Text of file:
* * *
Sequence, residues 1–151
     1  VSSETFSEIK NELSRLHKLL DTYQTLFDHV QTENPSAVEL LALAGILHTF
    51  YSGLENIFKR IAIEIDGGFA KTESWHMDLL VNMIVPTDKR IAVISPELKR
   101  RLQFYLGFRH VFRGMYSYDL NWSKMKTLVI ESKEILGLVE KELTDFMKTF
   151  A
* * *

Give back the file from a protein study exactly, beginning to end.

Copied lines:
Sequence, residues 1–151
     1  VSSETFSEIK NELSRLHKLL DTYQTLFDHV QTENPSAVEL LALAGILHTF
    51  YSGLENIFKR IAIEIDGGFA KTESWHMDLL VNMIVPTDKR IAVISPELKR
   101  RLQFYLGFRH VFRGMYSYDL NWSKMKTLVI ESKEILGLVE KELTDFMKTF
   151  A